787 Will Be First All-composite Airliner

Paris Air Show » 2005
December 12, 2006, 9:38 AM

Boeing made the apparently radical decision two years ago to use composites for most of the primary structure of its new 787 jetliner, resulting in a need for around 35 tons of the material per airplane. Japan’s Toray Industries, whose Torayca pre-preg is used already by Boeing for the 777’s tail and floor beams, was selected a year ago to supply the raw material, which combines carbon fibers with toughened epoxy resin.

Toray expects the deal with Boeing to be worth approximately $3 billion over the 18 years covered by the agreement. The company is building a new factory in the U.S. to supply the pre-preg. In April it announced that because of better-than-expected 787 orders and increased 777 production, it would raise production in Japan to supply the pre-preg to Boeing’s Japanese partners, who will build around 35 percent of the new airplane’s structure.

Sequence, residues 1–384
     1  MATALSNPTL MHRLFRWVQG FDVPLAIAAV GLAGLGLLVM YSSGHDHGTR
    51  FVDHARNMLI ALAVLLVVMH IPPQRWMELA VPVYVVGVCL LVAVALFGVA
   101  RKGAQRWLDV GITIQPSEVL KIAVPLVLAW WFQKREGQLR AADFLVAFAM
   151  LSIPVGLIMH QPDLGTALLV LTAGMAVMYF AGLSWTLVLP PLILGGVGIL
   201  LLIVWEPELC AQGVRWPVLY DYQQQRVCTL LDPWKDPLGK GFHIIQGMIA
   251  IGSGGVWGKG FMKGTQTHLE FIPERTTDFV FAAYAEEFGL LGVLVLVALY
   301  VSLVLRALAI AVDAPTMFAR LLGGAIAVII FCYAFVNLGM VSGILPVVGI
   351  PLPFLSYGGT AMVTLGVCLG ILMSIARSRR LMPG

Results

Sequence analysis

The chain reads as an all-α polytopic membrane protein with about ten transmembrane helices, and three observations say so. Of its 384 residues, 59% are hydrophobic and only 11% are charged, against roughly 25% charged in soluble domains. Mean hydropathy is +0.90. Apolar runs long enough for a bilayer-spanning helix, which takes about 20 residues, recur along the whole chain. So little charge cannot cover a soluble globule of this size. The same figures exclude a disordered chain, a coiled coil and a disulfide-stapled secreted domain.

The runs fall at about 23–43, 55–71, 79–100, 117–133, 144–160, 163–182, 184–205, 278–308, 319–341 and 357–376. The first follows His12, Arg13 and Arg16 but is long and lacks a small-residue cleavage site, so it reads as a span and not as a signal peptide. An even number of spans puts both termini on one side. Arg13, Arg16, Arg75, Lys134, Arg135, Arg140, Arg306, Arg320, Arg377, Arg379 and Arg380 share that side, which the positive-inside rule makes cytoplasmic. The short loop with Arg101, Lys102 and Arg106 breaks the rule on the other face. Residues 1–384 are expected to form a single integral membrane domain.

Mitsubishi Heavy Industries is building the wing box. Kawasaki Heavy Industries will supply a section of the forward fuselage, the main landing gear wheel well and the main wing fixed trailing edge. Fuji Heavy Industries is responsible for the center wing box and its integration with Kawasaki’s wheel well. The wings will include titanium graphite composites as well as the Torayca carbon fiber reinforced plastic.

In the 18 months leading up to Boeing’s choice of composite construction, a team of more than a dozen aerospace companies had weighed the choice between advanced composites and new aluminum alloys.

Mike Bair, senior vice president of the 787 program, at the time said that generally accepted assumptions that composites would weigh significantly less but cost significantly more than aluminum proved untrue. “The aluminum companies did a great job of offering new alloys that were about as light as the composite materials, and the composite companies made a lot of progress on cost,” said Bair.

The composite fuselage offers some important advantages. Its lack of susceptibility to metal fatigue has allowed Boeing to plan a higher internal pressure, providing a cabin altitude of 6,000 feet rather than the normal 8,000 feet, and the larger windows featured in cabin presentations. Immunity to corrosion should help with maintenance. Bair also cited better durability and increased potential for future developments.                    

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